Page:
By Anita Kumar
Washington Post Staff Writer
Monday, February 28, 2011; 11:50 PM
RICHMOND - Virginia Gov. Robert F. McDonnell has spent his first year in office on a political tightrope of sorts, trying to satisfy his conservative base while appealing to the moderate swing voters who helped elect him in a landslide victory.
For conservatives, he points to cutting $4 billion from the state budget in his first legislative session last year, paring back spending to 2006 levels and not raising taxes. And he directs moderates to the billions of dollars he secured in transportation and education funding during his second legislative session, which ended Sunday.
"The electorate is more than ever demanding results," McDonnell said in an interview. "You're only as good as your last session, your last major issue."
With the legislative session behind him and General Assembly contests looming in November, McDonnell can boast about a pair of major accomplishments - $2.9 billion in bonds for perennially clogged roads and $100 million for under-funded colleges. But the state's first Republican governor in eight years also suffered two significant defeats - a proposal to privatize the state's liquor stores and reforming the state's pension system did not get far.
Democrats accuse McDonnell - who says 92 percent of his legislation was passed - of taking on too much debt and wasting time on a plan to privatize the Department of Alcoholic Beverage Control that many members of his party opposed.
"He took a big hit by virtue of the fact that neither chamber wanted to take up his ABC plan," said Sen. A. Donald McEachin (D-Richmond). "He will probably claim some progress on transportation. But I think history will record that the amount of debt we're taking on will force us at some point to raise revenue."
Unlike in last year's session, which yielded modest successes that included a $50 million economic development package to lure businesses to the state, the governor undertook a more aggressive approach to the General Assembly's 47-day session this year.
Lawmakers said McDonnell resumed breakfasts with legislative leaders that had stopped under former governor Timothy M. Kaine (D). The 14-year House veteran also began regular policy meetings with regional caucuses of both parties, such as Northern Virginia Democrats. He met with nearly every legislator - 33 of 40 senators and 78 of 100 delegates. He even texted them on their birthdays.
"I think we have a good working relationship on those topics that avoid the hot-button social conservative issues. Certainly, we don't have much common ground there," Sen. R. Edward Houck (D-Spotsylvania) said.
McDonnell received strong Democratic support for his two signature achievements. His biggest legislative drubbing came at the hands of his own party, some of whose members have have criticized him for not informing them about plans before they are announced and having too many priorities.
"Some feel like he is doing too much, but he feels like he has just four years to get things done," Del. S. Chris Jones (R-Suffolk) said.
McDonnell submitted 53 bills based on his priorities and 130 on behalf of state agencies - many more than his Democratic predecessors, Kaine and Mark Warner. He primarily tried to secure money for transportation, revamp college and university funding, lay out $54 million to lure businesses to Virginia and reform state government, which included privatizing liquor stores and changing the pension system.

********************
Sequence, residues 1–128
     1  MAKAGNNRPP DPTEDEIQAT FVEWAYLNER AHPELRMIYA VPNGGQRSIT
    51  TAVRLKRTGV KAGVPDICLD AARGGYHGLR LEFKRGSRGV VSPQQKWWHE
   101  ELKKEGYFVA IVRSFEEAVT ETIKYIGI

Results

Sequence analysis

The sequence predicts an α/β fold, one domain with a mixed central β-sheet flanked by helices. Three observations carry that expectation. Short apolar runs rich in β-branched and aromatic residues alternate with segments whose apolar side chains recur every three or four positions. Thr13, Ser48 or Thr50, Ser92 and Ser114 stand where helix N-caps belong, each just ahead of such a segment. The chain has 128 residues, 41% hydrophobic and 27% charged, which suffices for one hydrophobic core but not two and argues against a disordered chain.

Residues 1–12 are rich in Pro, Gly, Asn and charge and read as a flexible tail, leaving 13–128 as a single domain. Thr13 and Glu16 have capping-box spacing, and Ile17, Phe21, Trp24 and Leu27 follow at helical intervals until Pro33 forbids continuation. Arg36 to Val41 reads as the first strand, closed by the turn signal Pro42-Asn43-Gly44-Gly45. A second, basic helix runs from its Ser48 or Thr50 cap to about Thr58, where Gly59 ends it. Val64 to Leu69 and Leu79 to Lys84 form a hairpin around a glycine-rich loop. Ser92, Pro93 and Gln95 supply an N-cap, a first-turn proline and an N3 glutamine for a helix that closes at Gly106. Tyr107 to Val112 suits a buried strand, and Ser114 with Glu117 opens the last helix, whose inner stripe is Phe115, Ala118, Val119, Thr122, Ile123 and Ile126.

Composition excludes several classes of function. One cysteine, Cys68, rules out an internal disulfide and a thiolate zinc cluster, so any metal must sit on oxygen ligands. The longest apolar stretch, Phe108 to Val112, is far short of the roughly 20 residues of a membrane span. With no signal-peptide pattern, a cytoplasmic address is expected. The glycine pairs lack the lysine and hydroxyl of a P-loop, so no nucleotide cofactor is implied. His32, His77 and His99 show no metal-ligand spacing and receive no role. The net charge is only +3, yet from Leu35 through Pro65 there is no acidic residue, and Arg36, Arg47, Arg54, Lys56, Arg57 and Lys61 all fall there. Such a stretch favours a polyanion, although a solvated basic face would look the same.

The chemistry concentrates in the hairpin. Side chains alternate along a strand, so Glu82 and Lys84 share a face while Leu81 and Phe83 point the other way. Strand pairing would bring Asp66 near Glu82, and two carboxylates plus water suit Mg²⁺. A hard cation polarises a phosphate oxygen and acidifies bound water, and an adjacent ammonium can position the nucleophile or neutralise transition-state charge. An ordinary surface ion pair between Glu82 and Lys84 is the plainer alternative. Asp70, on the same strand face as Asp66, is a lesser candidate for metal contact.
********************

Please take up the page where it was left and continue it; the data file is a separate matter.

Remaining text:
His transportation proposal represents the largest infusion of funds into the state's cash-strapped highway coffers in more than two decades - and will help fund 900 projects. But legislators approved only $33 million of the additional $150 million he sought in transportation money from the general fund.
Some Democrats and conservative Republicans had been concerned about the state's rising debt, but McDonnell and his team worked for weeks to alleviate fears and convince lawmakers that spending would not hurt the state's financial standing or its coveted AAA bond rating. Some skeptics remain.
"We not only pulled out the credit card, we maxed it out on that," House Minority Leader Ward L. Armstrong (D-Henry) said.
McDonnell's higher education proposal, which received overwhelming approval, is designed to provide a stable funding source for schools so they can avoid major tuition increases. Colleges will be provided with financial incentives to fulfill goals, such as graduating students in four years and awarding more degrees in high-demand technology fields.
The bulk of the $100 million will be spent toward McDonnell's goal of awarding 100,000 new associate and bachelor's degrees over the next 15 years through financial aid, grants to virtual schools and other programs.
But McDonnell's plan to privatize the state's 77-year-old monopoly on liquor died without a hearing. Members of both parties feared that the plan, which included tripling the number of retail outlets that sell booze, would lead to an increase in alcohol consumption, a loss of state revenue and higher liquor prices.
McDonnell had hoped lawmakers would require state employees to start making a 5 percent annual contribution toward their retirement. He proposed giving employees a 3 percent pay increase to offset the change but thought the state could reap savings by allowing employees to absorb what was effectively a 2 percent cut in take-home pay.
Instead, the legislature agreed to require employees to make the new payments but decided to fully offset the change by giving them a 5 percent pay raise. The result was a cost increase of $15 million.
"He came in with four pretty broad initiatives," House Speaker William J. Howell (R-Stafford) said. "I think at the end of the day he's got a lot to tout. He got a lot of good support on both sides of the aisle."
Staff writers Rosalind S. Helderman and Fredrick Kunkle contributed to this report.